missed profit and revenue estimates for the first quarter as stores were shuttered during the coronavirus pandemic. The Niwot, Colo.–based company ‘s adjusted per-share earnings came to 22 cents, below the 31 cents FactSet consensus. Revenue slid to $281.2 million from $295.9 million, also below the FactSet consensus of $296 million. The company withdrew 2020 guidance provided on Feb. 27 because of the uncertainty caused by the virus, but expects revenue declines to continue in the retail and wholesale channels as long as social-distancing measures remain in effect. Crocs has no near-term liquidity concerns and has taken measures to preserve cash. The company has furloughed store workers, cut executive and board pay and deferred certain spending. Its distribution centers remain operational with strict cleaning protocols in place. Capex for 2020 is expected at about $30 million, down from earlier guidance of $50 million to $60 million. The company has increased a credit facility with PNC Bank, National Association and other lenders to $500 million from $450 million and eased covenants for the second and third quarters. It has temporarily suspended share buybacks.
• Entertainment giant Endeavor Group Holdings Inc. is planning more cutbacks in the coming week, including staff furloughs and pay cuts that will affect about one-third of its 7,500 employees, the Wall Street Journal reported, citing a company spokesman. The company has already had layoffs and salary cuts. The pandemic has disrupted many of Endeavor’s businesses, which include talent management through WME and live events, including mixed-martial-arts organization UFC, along with other sporting events and beauty pageants. Last month, the company laid off 250 employees, including restaurant workers and groundskeepers. Chief Executive Ari Emanuel and Executive Chairman Patrick Whitesell will go without pay this year.
• Expedia Group Inc.
is raising $3.2 billion in new capital, in an effort to boost financial flexibility and liquidity. The online travel company will implement furloughs and reduced work week programs, suspend matching 401(k) contributions and the CEO and board members will forgo cash compensation for the rest of the year. The new capital will consist of $1.2 billion in a private placement of perpetual preferred stock and $2 billion in new debt financing. Apollo Global Management Inc. and Silver Lake are providing the equity investment. Separately, the company named Vice Chairman Peter Kern as its CEO and Acting CFO Eric Hart as permanent CFO.
• Gap Inc.
has suspended rent payments totaling $115 million in North America and is in talks to renegotiate or even terminate leases and close stores entirely. If the company is unable to change lease terms, it could be deemed to be in default. Gap has drawn down its full $500 million revolving credit facility and at the end of the fiscal quarter on May 2, expects to have $750 million to $850 million in cash. The retailer expects to take other measures to preserve and add to its liquidity, including canceling orders, cutting staff and expenditures further, among others. The ailing apparel company has furloughed the majority of its workers in the U.S. and Canada and cut corporate head count. It has cut capital expenditures by $300 million, withdrawn guidance for the full year, suspended stock repurchases and cut pay for the board and leadership team.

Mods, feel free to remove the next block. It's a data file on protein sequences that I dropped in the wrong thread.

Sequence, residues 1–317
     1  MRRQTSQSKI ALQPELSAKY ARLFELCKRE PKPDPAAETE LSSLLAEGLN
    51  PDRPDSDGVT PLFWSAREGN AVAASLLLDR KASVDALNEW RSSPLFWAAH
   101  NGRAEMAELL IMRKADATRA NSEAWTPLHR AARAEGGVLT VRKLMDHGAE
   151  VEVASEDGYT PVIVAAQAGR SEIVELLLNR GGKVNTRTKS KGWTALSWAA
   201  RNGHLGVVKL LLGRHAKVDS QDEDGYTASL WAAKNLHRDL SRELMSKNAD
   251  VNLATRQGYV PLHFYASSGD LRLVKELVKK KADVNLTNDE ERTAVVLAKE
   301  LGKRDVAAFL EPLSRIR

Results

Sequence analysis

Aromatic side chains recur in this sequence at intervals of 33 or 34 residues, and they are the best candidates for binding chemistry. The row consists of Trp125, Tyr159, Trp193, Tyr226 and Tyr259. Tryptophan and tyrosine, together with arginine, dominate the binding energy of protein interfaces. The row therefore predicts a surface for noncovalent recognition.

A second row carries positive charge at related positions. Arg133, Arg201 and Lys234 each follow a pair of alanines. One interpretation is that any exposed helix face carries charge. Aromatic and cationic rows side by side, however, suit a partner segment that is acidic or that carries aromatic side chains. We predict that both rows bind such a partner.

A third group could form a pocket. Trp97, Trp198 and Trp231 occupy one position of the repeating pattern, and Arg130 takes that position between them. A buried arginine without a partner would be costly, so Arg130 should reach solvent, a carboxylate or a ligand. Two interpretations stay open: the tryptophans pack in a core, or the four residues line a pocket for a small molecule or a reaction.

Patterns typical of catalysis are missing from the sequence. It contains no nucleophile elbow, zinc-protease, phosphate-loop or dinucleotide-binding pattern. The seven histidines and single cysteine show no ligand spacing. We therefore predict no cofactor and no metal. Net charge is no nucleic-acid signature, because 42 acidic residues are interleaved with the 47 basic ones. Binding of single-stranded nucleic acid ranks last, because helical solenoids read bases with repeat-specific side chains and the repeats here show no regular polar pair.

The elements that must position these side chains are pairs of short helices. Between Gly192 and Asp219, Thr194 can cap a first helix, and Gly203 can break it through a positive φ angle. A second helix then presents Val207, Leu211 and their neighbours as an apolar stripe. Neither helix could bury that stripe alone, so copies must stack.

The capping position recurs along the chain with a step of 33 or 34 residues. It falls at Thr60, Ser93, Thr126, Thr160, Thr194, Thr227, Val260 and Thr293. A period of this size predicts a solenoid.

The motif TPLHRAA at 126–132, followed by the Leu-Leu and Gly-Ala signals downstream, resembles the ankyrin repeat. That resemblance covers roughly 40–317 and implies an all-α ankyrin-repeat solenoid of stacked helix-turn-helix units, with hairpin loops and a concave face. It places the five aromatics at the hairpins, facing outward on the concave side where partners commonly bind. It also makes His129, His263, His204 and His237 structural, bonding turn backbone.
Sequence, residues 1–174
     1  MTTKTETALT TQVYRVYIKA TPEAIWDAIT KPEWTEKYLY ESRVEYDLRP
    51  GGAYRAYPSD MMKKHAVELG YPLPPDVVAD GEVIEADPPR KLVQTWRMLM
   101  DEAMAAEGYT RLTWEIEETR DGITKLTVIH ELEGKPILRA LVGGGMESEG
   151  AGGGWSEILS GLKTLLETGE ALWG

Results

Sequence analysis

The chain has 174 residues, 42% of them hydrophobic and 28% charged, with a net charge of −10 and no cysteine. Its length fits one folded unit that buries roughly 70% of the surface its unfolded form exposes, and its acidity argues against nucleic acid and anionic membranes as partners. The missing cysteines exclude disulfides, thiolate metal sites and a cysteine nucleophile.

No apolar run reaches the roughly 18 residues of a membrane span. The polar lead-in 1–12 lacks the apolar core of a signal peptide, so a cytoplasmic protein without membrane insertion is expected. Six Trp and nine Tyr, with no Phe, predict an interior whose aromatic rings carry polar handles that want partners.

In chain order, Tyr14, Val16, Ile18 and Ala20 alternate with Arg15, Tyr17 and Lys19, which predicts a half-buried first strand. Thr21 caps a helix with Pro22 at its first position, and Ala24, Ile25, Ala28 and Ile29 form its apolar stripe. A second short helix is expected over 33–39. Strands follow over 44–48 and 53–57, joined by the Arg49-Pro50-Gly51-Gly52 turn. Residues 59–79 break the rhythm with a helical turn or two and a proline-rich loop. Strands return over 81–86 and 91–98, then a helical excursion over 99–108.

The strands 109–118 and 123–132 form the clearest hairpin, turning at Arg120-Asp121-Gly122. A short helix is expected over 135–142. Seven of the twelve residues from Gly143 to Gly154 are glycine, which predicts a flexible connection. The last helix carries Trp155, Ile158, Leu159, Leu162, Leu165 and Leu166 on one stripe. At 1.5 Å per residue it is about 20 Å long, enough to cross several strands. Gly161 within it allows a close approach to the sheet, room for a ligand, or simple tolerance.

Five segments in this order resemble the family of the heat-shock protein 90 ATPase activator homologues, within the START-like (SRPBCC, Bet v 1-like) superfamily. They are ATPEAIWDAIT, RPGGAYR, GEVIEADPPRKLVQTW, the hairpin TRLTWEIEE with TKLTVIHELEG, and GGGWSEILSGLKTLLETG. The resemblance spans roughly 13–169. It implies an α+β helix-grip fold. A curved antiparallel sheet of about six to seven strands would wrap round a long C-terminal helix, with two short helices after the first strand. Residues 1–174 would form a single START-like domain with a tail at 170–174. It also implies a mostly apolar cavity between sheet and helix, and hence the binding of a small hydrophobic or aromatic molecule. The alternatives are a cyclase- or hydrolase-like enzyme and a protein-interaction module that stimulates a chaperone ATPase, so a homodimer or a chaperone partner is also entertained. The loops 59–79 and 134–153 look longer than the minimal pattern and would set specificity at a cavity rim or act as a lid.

• Mack-Cali Realty Corp.
a real-estate investment trust focused on waterfront office and residential properties, has collected 96% of residential tenant rent for April and 90% of office rent. The news comes after New Jersey Gov. Phil Murphy’s executive order earlier this month, in which nonessential construction was to ceased and essential businesses were to adopt aggressive social-distancing and disinfection measures. “It is not known at this time whether the Governor’s executive order will be extended and what, if any, impact it may have on future rent collections, and past performance and April 2020 rent collections to date are not indicative of future results,” the company said.
• Snap Inc.
plans to offer $750 million in convertible notes that would mature on May 1, 2025. The notes will be offered in a private placement to institutional buyers who will have the option to purchase an addition $112.5 million in notes. Snap expects to use the proceeds from this convertible sale for general corporate purchases, including operating expenses as well as capital expenditures, with the option to also use the funding for acquisitions or share buybacks, though the company currently has no plans for either.
• Target Corp.
same-store sales so far in April have increased more than 5% from a year ago, as a “midteens” percentage decline in store sales was more than offset by a near four-fold jump (up 275%) in digital sales. Same-store sales fell 40% in apparel and accessories month to date, but rose more than 12% in essentials and food and beverage, more than 30% in hardlines and in the high teens in home. That follows same-store sales growth of 3.8% in February and an increase in the low double digits in March. The company still expects profitability to be negatively impacted by factors including category mix shift to lower-margin products, inventory write downs, and investments in pay and benefits. Target is extending its $2-an-hour wage increase until May 30, for frontline employees working amid the pandemic. The company had previously said the wage hike would last until at least May 2.